This article is a continuation of our common problems/ better solutions series at the PaintSource Network.
A common problem with painted exterior flooring is the use of oil based paint on wooden floor surfaces and decks. Unfortunately many national paint stores and builders warehouses continue to sell oil based floor enamel for exterior wood surfaces. This type of product is extremely hard, and will never withstand the expansion and contraction of exterior wood flooring. Even some acrylic floor enamels will be too hard or not breathable enough for certain construction designs. Extreme changes in moisture content and temperature of the wood cause hard coatings to be sheared from the surface as the wood expands, and the coating doesn't. Many times, new wood is extremely high in moisture content, and the wood surface is slick with mill-glaze. Primers (especially oil-based) are unable penetrate the surface of damp slick wood, and just lay on top with little adhesion. This also contributes to early paint failure.
Moisture entrapment also commonly occurs. Many times the wood is uncoated underneath, so moisture is drawn from the ground beneath the porch into the bare backside of flooring. This is the result of the non breathable nature of oil based products. Moisture trapped just beneath the coating surface fosters the growth of wood-decaying organisms. It also freezes in the winter months. The decay of this wood fiber leads to the release (peeling) of the paint film. Hairline cracks in the paint film, resulting from expansion and contraction of wood, allow further moisture intrusion, causing greater expansion of the wood, causing more cracks, allowing in more moisture, leading to rapid coating failure. If the floor is totally enclosed with no ventilation, our only choice is to use a solid color stain on properly prepared bare wood.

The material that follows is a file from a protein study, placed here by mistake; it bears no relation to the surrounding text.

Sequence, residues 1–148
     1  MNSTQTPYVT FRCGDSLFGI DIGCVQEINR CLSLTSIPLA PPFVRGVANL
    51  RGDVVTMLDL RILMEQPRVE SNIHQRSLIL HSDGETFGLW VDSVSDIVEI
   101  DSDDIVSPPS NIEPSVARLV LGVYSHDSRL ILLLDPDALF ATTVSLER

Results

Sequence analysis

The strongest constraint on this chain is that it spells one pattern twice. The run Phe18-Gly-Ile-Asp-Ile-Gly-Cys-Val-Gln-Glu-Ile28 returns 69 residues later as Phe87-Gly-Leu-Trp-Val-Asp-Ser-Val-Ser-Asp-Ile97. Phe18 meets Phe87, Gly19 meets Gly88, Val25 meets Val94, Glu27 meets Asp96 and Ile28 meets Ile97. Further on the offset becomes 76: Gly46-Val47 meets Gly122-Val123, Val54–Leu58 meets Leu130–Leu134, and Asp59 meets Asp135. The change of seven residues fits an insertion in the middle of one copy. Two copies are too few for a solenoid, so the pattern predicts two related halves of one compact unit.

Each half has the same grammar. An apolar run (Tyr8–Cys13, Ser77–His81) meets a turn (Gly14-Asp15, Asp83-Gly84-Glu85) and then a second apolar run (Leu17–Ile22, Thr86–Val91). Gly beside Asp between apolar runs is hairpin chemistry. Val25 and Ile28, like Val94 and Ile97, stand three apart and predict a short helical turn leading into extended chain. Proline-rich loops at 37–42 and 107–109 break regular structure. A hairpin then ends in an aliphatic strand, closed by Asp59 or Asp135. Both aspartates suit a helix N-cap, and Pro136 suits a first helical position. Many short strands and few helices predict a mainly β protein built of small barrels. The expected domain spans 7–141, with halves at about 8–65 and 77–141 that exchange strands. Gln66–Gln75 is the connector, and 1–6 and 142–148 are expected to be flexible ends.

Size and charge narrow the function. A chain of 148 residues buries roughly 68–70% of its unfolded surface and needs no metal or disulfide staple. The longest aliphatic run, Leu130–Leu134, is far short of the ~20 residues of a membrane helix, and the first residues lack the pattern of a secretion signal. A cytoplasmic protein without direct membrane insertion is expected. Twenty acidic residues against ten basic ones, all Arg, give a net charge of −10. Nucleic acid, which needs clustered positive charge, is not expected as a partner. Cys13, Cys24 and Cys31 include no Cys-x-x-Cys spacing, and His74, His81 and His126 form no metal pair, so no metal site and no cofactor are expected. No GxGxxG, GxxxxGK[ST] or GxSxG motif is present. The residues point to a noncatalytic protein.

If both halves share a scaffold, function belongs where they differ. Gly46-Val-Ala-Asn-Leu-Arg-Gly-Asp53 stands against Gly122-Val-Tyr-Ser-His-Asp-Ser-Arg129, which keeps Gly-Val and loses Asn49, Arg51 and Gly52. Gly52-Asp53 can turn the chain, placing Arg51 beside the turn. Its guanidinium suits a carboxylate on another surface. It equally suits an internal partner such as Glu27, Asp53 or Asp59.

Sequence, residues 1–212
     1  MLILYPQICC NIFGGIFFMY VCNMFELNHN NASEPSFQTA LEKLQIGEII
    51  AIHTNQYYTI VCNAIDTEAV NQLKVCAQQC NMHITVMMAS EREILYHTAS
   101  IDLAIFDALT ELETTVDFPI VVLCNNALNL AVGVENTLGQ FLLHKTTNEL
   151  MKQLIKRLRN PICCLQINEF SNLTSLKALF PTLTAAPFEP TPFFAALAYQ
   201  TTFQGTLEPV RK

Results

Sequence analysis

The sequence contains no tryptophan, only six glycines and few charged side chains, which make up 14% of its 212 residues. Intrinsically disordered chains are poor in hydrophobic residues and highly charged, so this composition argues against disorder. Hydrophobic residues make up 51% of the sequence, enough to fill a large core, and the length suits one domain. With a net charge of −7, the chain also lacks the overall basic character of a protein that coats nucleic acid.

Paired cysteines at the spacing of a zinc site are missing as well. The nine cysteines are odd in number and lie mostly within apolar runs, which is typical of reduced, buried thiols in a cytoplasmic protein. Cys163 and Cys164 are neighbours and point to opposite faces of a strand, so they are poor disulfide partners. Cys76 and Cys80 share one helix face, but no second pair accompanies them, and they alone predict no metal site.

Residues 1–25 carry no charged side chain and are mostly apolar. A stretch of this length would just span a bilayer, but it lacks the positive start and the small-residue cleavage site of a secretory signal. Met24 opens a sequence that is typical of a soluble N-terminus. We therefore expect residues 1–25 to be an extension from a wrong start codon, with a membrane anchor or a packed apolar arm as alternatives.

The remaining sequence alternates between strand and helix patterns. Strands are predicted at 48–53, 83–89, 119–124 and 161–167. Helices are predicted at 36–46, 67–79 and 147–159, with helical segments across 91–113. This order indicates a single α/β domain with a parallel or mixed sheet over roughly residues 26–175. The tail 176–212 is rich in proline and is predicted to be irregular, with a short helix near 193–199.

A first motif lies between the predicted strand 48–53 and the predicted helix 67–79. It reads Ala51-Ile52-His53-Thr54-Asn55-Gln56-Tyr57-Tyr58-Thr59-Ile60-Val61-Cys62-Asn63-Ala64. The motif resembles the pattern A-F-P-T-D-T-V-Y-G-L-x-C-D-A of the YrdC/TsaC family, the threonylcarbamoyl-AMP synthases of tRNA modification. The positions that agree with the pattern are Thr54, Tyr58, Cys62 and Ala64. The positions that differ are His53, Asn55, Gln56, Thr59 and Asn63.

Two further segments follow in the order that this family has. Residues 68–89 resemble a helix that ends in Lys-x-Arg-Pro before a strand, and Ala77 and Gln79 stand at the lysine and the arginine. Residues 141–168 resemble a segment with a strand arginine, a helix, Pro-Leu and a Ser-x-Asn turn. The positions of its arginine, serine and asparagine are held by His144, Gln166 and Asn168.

Sometimes we see only spot failure. Unfortunately, oil base paint never stops hardening. This is especially problematic on older coating systems that have been hardening to the point of eventual failure. Much of the paint that is currently intact, will eventually release. When we encounter a situation like this, we have two options. We can scrape the currently loose and peeling paint, and repair failed areas, and repeat this cycle every few years until the old hard underlying coating peels, or we can consider total coating removal. If lead is present in previous coatings, we need to consider chemical stripping as to not create a health hazard during coating removal and sanding.
For spot repair and repaint, we scrape off as much failed paint as possible, then sand with a dust-free palm sander (using 60 or 80 grit abrasive ) to blend in the bare areas. Final sand the remaining coating with 80 grit to leave a good profile for the coating. Prepare and prime the bare areas and recoat with an Acrylic Floor Enamel. Be aware that coating not removed now will continue to fail over time as any remaining old coating will always continue to harden. The second option involves total coating removal. There are several biodegradable strippers available. We also final sand the entire floor to remove any wood fiber damaged by trapped moisture, or the stripping process.
We have found very few good-performing floor paints for exterior wood floors. If the wood is already installed, and unprimed on the back, you have limited choices. If you absolutely want a solid painted finish, you could consider an acrylic solid stain like Enduradeck from California Coatings, or a solvent-based product like Sikkens Rubbol DEK, which is a flexible, breathable oil based wood floor coating (not a paint). It looks like paint, but performs like a stain--no film to peel. If you want to go back to natural wood, you have a variety of good options.
Each of your coatings options has distinct advantages and disadvantages depending on your specific requirements and whether you are recoating bare wood, or remaining paint. If you have failed paint, and choose not to strip the entire porch, you will need to sand the remaining coating so the new coating will adhere to it. Solid color stains are for uncoated wood only, so unless you get to completely bare wood, you should consider an acrylic floor paint , priming bare wood and existing paint with 2 different specialized primers. I hope this helps.